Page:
GLP Tox Lot Manufacturing

​​​​​​​GLP Manufacturing of parenteral products for preclinical studies.

GLP (Good Laboratory Practice) manufacturing refers to the production of parenteral products (such as injectable drugs) in accordance with good laboratory practices. GLP manufacturing is typically performed in support of preclinical studies, which are conducted to evaluate the safety and effectiveness of a product prior to its clinical testing in humans.
GLP manufacturing is designed to ensure the consistency, quality, and reliability of parenteral products that are used in preclinical studies. It involves strict guidelines for the production, testing, and documentation of these products, including the use of appropriate facilities, equipment, and procedures.

To conduct GLP manufacturing of parenterals for preclinical studies, a company must have a well-defined quality management system in place that is designed to meet the requirements of GLP. This includes the use of standard operating procedures (SOPs) that outline the steps involved in the production, testing, and documentation of the product.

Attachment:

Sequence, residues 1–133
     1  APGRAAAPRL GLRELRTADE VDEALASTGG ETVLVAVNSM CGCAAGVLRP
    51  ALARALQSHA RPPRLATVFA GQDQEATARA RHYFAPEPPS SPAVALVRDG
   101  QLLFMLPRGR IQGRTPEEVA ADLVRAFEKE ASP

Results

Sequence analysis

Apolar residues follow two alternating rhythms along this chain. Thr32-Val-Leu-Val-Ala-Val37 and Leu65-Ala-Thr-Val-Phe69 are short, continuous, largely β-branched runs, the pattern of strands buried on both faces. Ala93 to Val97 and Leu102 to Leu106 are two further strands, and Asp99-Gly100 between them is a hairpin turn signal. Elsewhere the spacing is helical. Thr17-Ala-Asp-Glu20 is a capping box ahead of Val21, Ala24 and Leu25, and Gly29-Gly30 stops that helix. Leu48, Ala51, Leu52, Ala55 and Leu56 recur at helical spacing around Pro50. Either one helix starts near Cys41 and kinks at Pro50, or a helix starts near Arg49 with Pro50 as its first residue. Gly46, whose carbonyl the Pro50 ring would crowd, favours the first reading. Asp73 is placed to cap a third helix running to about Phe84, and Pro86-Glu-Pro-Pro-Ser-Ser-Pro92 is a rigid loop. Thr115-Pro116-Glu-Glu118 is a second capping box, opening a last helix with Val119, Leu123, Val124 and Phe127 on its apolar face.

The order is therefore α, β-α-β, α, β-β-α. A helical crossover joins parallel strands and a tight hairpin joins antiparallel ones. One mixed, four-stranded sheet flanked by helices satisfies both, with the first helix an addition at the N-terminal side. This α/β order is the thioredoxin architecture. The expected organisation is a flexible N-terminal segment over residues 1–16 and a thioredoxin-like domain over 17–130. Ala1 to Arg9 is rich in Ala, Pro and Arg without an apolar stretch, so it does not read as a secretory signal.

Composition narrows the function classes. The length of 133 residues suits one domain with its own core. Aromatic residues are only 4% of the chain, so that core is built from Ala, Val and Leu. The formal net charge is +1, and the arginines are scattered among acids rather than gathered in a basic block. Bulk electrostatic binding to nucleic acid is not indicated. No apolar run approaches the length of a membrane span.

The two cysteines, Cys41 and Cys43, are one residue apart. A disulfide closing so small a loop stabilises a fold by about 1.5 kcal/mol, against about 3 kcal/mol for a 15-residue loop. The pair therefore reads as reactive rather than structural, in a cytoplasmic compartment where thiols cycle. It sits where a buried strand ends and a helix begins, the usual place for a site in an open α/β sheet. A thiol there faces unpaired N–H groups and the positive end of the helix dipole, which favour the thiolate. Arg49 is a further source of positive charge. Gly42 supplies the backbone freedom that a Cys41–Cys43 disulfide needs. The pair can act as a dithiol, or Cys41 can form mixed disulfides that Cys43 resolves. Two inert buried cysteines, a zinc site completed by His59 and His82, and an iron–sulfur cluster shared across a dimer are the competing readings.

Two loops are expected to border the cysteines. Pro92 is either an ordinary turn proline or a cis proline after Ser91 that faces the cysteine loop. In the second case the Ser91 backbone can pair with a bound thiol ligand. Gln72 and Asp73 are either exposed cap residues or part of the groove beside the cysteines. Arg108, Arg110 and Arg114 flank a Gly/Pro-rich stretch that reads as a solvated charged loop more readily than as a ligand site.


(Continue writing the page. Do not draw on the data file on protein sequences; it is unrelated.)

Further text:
GLP manufacturing is an important part of the development and testing of parenteral products, and it is essential for ensuring the safety and effectiveness of these products. HTD has expertise in GLP manufacturing and can provide high-quality services to our clients to support the development of safe and effective products.

Aseptic Fill Finish of Lyophilized Products

HTD utilizes aseptic fill-finish, a process that is used to fill and package lyophilized (freeze-dried) products in a sterile environment to prevent contamination. Aseptic fill-finish is an important step in the manufacturing of lyophilized products, as it ensures the safety and effectiveness of the product.
The aseptic fill-finish process typically consists of several steps, including:
  1. Preparation of the lyophilized product: The lyophilized product is prepared for filling by reconstituting it with a sterile liquid, such as water for injection or a buffer solution.
  2. Filling: The reconstituted product is then transferred to a sterile filling machine and filled into sterile containers, such as vials or syringes.
  3. Sealing: The filled containers are then sealed to prevent contamination.
  4. Sterilization: The filled and sealed containers are then sterilized to ensure that they are free of contaminants. This is typically done using a sterilization process, such as gamma radiation or ethylene oxide gas sterilization.
  5. Packaging: The sterilized containers are then packaged in a sterile environment and labeled for distribution.